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Urinary T cells in active lupus nephritis show an effector memory phenotype


Background Systemic lupus erythematosus (SLE) is accompanied by alterations in T cell homeostasis including an increased effector response. Migrated effector memory T cells (CD45RO+CCR7; TEM) appear to be involved in tissue injury. The objective of this study was to investigate the distribution and phenotype of effector memory T cells in the peripheral blood (PB), and their presence in renal biopsies and urine of patients with SLE. The hypothesis that these TEM cells migrate to the kidney during active disease was tested.

Methods A total of 43 patients with SLE and 20 healthy controls were enrolled. CD4+TEM cells and CD8+TEM cells were analysed in PB and urine using flow cytometric analysis. In 10 patients with active lupus nephritis a parallel analysis was performed on the presence of TEM cells in kidney biopsies.

Results The percentage of circulating CD8+TEM cells in patients with SLE was significantly decreased versus healthy controls (33.9±18.3% vs 42.9±11.0%, p=0.008). In patients with active renal involvement (n=12) this percentage was further decreased to 30.4±15.9%, p=0.01. Analysis of the urinary sediment in active renal disease showed increased numbers of CD4+T cells (134±71 cells/ml) and CD8+T cells (287±220 cells/ml), respectively, while in healthy controls and patients without active renal disease almost no T cells were present. In all, 73.6±8.3% of urinary CD4+T cells and 69.3±26.0% of urinary CD8+T cells expressed the TEM phenotype. CD8+ cells were also found in renal biopsies.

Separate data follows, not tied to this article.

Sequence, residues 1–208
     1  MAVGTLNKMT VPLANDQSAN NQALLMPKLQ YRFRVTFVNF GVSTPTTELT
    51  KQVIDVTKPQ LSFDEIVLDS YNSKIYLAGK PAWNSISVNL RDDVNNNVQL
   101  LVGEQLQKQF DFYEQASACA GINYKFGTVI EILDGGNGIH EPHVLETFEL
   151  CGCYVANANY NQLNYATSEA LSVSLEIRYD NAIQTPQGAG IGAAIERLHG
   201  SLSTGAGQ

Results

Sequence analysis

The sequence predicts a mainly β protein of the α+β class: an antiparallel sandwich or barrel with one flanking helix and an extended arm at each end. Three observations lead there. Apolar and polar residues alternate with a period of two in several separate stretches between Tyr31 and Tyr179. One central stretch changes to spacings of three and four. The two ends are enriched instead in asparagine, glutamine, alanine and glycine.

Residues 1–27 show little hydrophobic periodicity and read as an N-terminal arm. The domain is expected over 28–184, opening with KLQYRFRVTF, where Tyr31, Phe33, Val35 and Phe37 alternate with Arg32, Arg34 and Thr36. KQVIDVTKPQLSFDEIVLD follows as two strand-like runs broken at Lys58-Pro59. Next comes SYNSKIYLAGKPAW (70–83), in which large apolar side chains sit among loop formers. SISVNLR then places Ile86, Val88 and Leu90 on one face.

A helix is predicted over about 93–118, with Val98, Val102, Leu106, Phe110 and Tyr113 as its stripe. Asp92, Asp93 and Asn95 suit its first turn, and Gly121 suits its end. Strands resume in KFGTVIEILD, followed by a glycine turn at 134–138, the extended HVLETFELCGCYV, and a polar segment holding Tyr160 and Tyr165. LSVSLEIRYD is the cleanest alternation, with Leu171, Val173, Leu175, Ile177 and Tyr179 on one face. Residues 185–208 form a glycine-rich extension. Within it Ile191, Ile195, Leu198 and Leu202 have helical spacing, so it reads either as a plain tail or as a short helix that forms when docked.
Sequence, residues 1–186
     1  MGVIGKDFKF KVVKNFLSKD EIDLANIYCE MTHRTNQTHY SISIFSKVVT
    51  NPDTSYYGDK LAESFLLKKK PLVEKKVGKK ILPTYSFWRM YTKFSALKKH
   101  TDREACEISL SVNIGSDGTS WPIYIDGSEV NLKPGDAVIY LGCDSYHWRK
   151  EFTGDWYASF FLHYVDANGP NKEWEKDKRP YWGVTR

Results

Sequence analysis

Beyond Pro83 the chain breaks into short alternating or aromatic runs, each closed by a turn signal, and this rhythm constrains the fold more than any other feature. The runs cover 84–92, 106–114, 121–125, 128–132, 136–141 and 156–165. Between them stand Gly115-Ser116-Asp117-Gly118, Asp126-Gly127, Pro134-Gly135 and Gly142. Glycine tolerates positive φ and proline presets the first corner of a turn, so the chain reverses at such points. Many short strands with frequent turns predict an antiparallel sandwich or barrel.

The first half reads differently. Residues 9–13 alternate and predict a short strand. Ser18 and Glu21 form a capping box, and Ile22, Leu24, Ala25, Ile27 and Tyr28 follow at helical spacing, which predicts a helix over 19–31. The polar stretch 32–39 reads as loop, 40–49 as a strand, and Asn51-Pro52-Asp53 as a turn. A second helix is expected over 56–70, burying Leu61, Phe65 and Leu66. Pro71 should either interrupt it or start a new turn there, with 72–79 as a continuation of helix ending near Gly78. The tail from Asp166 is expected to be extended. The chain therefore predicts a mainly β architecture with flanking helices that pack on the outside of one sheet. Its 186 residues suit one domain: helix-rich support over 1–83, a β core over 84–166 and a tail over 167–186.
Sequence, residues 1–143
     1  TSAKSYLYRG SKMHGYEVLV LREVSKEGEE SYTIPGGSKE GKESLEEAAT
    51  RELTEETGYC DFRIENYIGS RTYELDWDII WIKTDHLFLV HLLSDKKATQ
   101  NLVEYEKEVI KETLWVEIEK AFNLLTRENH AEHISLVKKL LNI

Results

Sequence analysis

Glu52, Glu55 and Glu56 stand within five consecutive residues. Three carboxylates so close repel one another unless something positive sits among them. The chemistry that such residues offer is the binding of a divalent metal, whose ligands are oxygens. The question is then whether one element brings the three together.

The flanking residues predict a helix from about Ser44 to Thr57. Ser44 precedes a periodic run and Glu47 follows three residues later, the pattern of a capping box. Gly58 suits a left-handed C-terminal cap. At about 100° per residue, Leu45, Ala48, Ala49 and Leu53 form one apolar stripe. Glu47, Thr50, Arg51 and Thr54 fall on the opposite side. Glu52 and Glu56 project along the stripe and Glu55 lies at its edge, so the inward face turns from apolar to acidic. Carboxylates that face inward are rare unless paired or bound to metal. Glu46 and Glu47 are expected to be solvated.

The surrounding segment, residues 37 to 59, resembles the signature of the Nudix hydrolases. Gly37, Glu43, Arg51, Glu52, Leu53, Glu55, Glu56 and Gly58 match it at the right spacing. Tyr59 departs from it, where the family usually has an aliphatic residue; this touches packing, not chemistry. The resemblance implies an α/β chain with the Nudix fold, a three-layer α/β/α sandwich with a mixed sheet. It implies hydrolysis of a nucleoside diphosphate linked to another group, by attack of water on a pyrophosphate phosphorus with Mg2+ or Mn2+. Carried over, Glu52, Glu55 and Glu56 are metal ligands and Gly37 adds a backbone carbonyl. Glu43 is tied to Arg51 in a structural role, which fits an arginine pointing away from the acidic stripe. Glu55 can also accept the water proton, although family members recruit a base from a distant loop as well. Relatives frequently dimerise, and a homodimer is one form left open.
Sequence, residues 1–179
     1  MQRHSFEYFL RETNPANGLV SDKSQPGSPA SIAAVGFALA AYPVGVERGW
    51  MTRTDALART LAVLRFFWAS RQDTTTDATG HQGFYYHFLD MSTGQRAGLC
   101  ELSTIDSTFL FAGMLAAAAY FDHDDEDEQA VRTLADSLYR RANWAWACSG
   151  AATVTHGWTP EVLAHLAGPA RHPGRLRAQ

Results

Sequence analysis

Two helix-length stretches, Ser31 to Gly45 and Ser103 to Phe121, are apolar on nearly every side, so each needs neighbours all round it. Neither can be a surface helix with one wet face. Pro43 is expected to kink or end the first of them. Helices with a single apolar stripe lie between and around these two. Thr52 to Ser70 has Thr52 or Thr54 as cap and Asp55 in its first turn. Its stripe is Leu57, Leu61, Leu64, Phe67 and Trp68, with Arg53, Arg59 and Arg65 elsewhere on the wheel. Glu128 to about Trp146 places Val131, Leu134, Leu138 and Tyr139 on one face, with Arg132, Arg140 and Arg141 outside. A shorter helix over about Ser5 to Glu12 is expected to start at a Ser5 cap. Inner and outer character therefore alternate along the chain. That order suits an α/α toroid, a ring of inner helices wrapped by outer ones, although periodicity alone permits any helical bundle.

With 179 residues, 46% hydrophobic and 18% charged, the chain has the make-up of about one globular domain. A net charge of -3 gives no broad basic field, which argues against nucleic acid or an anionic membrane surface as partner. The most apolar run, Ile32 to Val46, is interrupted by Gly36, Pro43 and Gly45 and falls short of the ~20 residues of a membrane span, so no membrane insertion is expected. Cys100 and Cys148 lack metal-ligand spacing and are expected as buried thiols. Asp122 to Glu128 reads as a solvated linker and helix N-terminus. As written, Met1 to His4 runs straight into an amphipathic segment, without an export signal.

Conclusions The data presented are compatible with the hypothesis that CD8+ effector memory cells migrate from the PB to the kidney and appear in the urine during active renal disease in patients with SLE. These cells could serve as an additional marker of renal activity in patients with SLE.

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